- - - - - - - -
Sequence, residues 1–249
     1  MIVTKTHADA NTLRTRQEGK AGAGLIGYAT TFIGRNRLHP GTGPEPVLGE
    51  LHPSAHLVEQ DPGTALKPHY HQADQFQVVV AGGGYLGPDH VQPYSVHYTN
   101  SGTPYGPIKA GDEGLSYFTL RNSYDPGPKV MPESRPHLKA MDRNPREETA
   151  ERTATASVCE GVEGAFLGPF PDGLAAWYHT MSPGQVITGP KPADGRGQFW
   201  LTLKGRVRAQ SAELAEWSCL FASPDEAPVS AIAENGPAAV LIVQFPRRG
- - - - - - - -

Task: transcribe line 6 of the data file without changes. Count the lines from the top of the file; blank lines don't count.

   201  LTLKGRVRAQ SAELAEWSCL FASPDEAPVS AIAENGPAAV LIVQFPRRG